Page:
Teen Member Zula's Speech - 2017 Great Futures Auction
Good evening ladies and gentlemen!
My name is Zula, I’m 16 years old, a junior at Capital Prep Harbor High school, and I'm a Wakeman club kid!
There are just a few things I want to share: I was born and raised in Jamaica. I came to America at 3, left at the age of 6, then returned permanently at 9 years old. I know right? That’s a lot of transitioning between two cultures. For that reason I found it difficult to find myself.
I started going to the club when I was in 7th grade. My middle school had just shut down due to reconstruction and I needed a place to go after school. My parents worked and wanted my little sister and me to be looked after. On my first day at Wakeman, I loved everything from the walls that were insulated with environmentally friendly materials to the teen lounge I was forbidden to hang out in, at least until I was a freshman in high school.
Wakeman clubs like Chic Chat and Girls’ Circle made a lasting impression on what I aspired to be, in terms of my maturity and personality, and my place as a woman in this world. In retrospect, Girls’ Circle was one of the best groups I’ve ever been a part of! I remember being slouched on the comfy couch in the teen lounge (that’s right, that ONE TIME I was allowed in the teen lounge) and I quickly sprung up because the program director read a poem that resonated with me. I could feel the love radiating from the other liked-minded girls in the room and it made me happy. The poem made me realize that girls could have their own manifesta and that I was ready to discover mine. Torch Club did the same thing for me by finding my voice. I learned I could be a female leader who is smart, beautiful and kind all at the same time. I could be all those things and more without being deemed bossy, conceited or any of those negative attributes.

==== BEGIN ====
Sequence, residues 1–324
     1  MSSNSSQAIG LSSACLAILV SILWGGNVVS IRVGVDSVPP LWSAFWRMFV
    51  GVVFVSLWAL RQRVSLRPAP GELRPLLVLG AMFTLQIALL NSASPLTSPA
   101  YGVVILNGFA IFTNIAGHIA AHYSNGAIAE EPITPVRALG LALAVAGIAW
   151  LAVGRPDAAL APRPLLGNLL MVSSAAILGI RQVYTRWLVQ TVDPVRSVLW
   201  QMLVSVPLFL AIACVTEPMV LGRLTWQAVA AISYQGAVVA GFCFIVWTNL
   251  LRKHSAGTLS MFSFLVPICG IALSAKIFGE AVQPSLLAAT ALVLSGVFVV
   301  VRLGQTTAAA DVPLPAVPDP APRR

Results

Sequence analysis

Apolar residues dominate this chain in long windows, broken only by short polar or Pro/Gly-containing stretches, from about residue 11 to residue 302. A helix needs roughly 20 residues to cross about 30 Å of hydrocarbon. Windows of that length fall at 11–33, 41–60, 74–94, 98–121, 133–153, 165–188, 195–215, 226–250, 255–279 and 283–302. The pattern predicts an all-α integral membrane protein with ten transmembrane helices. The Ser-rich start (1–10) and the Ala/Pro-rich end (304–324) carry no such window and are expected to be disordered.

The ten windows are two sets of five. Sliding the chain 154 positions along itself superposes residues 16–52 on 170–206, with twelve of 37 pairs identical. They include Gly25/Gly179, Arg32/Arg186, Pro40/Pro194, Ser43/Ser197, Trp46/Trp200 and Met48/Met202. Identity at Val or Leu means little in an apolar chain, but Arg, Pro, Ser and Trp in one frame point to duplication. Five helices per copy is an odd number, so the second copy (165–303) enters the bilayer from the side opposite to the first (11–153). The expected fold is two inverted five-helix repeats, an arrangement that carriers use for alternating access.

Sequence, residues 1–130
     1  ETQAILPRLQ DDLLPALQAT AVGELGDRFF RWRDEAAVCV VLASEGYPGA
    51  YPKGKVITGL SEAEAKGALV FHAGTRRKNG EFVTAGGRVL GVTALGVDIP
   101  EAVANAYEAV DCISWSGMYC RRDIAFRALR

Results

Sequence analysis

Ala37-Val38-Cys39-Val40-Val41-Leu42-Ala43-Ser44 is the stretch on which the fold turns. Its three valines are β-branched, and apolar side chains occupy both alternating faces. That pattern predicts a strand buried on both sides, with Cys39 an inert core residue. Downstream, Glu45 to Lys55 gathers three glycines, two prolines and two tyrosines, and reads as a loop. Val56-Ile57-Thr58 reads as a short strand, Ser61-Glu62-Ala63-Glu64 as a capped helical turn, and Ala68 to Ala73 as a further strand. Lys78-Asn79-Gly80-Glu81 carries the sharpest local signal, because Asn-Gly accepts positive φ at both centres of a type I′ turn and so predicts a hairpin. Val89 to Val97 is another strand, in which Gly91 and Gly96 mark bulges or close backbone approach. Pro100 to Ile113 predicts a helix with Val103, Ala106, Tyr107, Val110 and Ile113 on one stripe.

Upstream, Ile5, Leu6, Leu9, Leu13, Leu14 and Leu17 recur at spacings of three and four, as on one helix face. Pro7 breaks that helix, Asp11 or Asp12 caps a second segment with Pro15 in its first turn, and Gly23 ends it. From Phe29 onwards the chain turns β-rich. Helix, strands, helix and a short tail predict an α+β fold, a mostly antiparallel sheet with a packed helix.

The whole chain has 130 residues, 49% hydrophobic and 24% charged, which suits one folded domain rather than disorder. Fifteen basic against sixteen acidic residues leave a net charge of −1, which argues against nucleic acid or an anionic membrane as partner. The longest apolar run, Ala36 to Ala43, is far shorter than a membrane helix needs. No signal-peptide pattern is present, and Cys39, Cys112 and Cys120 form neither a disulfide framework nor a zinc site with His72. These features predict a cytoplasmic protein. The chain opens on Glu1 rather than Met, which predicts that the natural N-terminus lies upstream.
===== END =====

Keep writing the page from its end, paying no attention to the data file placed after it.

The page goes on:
If it weren’t for my mother constantly signing me up for every activity under the sun, I would not pride myself on being a club kid today. It means a great deal that her and my father have been so deeply invested in me finding my niche. I never did find my knack in art, dance, karate or the other activities my mom made me participate in when I was younger. I did, however, find excitement in the endless activities within the Boys and Girls Club. I became a leader in the clubhouse, because of Clubs like D2D, a college readiness program, and Keystone, the ultimate teen program that focuses on service and leadership development.
In Keystone I have the opportunity to plan events and take control of what happens in the clubhouse. Before the club, I didn’t even think people would listen to what I had to say. Now I can confidently share my thoughts without fear of judgement. I had the chance to be on a committee that planned the NorthEast regional conferences for Keystone and D2D. That gave me the leadership tools I knew I had within me on a grander scale.
Without my many experiences at Wakeman I would have never thought I could do half the things I have accomplished like traveling and meeting people from all walks of life, helping people in my community, or making lifelong friends. I cannot even fathom what life would be like without Wakeman. At one point my parents were thinking about moving and all my mind dwelled on was, “How will I get to Wakeman?” I wasn’t worried about me sharing a room with me preteen sister or how many square feet made up the house. I was set on being at the club. I always was and Always will be! So, I hope you got a sense of what Wakeman Boys & Girls Club means to me and what it can continue to do for myself and others because of your support. Thank you so much for listening to my club story.
Have a blessed night!